Novel assay demonstrates that coronary artery disease patients have heightened procoagulant platelet response

Novel assay demonstrates that coronary artery disease patients have heightened procoagulant platelet response.

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Item Type: Article
Status: Published
Official URL:
Journal or Publication Title: Journal of Thrombosis and Haemostasis
Volume: 16
Number: 6
Page Range: pp. 1198-1210
Date: 2018
Divisions: ACRF Centenary Cancer Research Centre
Depositing User: General Admin
Identification Number: 10.1111/jth.14008
ISSN: 1538-7933
Date Deposited: 03 Jan 2021 22:31

Essentials Procoagulant platelets can be detected using GSAO in human whole blood. Stable coronary artery disease is associated with a heightened procoagulant platelet response. Agonist-induced procoagulant platelet response is not inhibited by aspirin alone. Collagen plus thrombin induced procoagulant platelet response is partially resistant to clopidogrel.

Summary: Background Procoagulant platelets are a subset of highly activated platelets with a critical role in thrombin generation. Evaluation of their clinical utility in thrombotic disorders, such as coronary artery disease (CAD), has been thwarted by the lack of a sensitive and specific whole blood assay. Objectives We developed a novel assay, utilizing the cell death marker, GSAO [(4-(N-(S-glutathionylacetyl)amino)phenylarsonous acid], and the platelet activation marker, P-selectin, to identify procoagulant platelets in whole blood by flow cytometry. Patients/Methods Using this assay, we characterized the procoagulant platelet population in healthy controls and a cohort of patients undergoing elective coronary angiography. Results In patients with CAD, compared with patients without CAD, there was a heightened procoagulant platelet response to thrombin (25.2% vs. 12.2%), adenosine diphosphate (ADP) (7.8% vs. 2.7%) and thrombin plus collagen (27.2% vs. 18.3%). The heightened procoagulant platelet potential in CAD patients was not associated with other markers of platelet function, including aggregation, dense granule release and activation of α2b β3 integrin. Although dual antiplatelet therapy (DAPT) was associated with partial suppression of procoagulant platelets, this inhibitory effect on a patient level could not be predicted by aggregation response to ADP and was not fully suppressed by clopidogrel. Conclusions We report for the first time that procoagulant platelets can be efficiently detected in a few microliters of whole blood using the cell death marker, GSAO, and the platelet activation marker, P-selectin. A heightened procoagulant platelet response may provide insight into the thrombotic risk of CAD and help identify a novel target for antiplatelet therapies in CAD.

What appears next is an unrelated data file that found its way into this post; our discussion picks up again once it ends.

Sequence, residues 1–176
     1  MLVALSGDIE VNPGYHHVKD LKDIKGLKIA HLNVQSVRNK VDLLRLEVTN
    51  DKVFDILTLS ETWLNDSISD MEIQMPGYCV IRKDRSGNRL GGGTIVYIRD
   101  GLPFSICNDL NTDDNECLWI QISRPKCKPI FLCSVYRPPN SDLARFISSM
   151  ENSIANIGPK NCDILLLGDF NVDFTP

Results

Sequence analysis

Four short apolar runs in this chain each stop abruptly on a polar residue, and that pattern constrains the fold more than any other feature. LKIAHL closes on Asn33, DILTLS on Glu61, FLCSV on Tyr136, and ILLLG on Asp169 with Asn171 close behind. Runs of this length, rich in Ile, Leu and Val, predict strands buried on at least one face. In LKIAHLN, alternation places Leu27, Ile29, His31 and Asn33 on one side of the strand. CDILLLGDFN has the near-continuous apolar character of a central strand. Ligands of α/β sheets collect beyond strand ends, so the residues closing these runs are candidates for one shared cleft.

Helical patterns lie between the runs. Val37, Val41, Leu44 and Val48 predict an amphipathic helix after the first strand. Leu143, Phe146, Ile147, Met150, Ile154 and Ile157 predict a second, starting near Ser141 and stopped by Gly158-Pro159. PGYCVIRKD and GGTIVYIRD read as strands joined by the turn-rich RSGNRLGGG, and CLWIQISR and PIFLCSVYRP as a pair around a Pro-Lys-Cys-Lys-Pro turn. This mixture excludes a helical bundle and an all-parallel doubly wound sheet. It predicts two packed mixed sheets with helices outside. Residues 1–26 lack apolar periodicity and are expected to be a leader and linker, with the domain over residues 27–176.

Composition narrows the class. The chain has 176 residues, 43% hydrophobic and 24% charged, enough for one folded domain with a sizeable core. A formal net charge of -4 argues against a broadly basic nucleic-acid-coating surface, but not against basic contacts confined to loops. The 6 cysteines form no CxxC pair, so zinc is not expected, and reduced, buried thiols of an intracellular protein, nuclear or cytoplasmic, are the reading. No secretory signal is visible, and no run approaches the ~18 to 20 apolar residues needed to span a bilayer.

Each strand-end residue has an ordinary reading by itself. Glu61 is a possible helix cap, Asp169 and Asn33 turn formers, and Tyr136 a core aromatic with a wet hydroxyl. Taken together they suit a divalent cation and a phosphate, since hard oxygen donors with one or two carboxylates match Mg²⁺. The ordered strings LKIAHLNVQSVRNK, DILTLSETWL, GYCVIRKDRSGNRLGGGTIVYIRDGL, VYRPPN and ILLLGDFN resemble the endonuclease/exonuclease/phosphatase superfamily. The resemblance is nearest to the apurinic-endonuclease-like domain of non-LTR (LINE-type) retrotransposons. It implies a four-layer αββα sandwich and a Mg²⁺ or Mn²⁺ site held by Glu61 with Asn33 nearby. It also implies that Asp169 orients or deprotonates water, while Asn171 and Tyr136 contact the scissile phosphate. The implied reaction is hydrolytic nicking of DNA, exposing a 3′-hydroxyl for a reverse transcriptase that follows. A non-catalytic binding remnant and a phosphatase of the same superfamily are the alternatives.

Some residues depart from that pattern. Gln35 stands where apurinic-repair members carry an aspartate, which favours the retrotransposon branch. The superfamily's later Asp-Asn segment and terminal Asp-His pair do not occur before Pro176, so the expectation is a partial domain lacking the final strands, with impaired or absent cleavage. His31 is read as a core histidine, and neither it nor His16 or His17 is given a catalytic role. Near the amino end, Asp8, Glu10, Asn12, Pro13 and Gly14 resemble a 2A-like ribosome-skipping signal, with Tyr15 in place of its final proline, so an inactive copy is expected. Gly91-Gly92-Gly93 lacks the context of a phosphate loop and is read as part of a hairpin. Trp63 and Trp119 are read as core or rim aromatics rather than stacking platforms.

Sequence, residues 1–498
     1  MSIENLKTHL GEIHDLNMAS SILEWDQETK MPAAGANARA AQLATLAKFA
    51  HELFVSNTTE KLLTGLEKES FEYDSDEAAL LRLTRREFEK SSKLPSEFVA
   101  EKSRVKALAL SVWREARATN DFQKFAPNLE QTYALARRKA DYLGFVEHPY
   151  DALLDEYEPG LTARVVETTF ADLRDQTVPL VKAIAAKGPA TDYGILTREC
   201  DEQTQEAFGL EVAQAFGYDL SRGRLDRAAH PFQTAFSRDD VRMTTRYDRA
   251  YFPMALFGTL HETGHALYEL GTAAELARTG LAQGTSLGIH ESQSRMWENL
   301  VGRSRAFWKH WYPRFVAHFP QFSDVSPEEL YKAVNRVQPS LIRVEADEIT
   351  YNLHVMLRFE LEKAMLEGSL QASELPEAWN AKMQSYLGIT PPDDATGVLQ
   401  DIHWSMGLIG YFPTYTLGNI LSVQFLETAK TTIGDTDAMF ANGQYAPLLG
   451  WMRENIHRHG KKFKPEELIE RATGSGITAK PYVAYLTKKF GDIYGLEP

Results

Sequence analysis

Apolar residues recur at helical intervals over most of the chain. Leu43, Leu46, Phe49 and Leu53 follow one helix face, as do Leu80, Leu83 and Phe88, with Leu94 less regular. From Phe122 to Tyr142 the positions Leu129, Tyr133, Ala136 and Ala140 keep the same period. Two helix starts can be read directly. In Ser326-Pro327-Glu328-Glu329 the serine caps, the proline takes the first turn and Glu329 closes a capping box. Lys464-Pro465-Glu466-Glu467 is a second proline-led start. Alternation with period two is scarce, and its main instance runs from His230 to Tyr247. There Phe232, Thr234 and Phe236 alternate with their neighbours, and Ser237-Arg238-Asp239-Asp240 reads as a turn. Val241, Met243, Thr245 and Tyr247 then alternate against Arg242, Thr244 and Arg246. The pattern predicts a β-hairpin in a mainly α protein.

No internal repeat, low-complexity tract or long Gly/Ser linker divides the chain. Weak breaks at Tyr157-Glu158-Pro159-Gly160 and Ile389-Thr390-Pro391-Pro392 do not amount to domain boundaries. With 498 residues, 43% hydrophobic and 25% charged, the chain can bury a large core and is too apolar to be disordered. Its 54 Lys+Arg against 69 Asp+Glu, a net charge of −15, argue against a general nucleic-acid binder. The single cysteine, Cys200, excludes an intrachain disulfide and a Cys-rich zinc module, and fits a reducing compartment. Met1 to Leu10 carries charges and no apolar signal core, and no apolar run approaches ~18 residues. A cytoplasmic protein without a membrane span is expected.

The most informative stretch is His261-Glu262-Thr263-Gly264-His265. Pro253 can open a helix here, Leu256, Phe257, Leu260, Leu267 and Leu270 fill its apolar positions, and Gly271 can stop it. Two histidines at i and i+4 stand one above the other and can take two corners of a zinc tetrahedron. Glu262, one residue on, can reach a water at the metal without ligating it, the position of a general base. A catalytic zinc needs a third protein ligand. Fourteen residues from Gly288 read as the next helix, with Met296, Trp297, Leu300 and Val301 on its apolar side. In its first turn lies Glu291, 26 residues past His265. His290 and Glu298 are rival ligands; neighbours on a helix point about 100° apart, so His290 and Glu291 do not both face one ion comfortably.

Keywords: coronary artery disease; flow cytometry; platelet activation; platelet aggregation inhibitors; platelet function studies; procoagulant platelets.

© 2018 The Authors. Journal of Thrombosis and Haemostasis published by Wiley Periodicals, Inc. on behalf of International Society on Thrombosis and Haemostasis.

Pasalic, L.
Wing‐Lun, E.
Lau, J. K.
Campbell, H.
Pennings, G. J.
Lau, E.
Connor, D.
Liang, H. P.
Muller, D.
Kritharides, L.
Hogg, P. J.
Chen, V. M.
Last Modified: 03 Jan 2021 22:31

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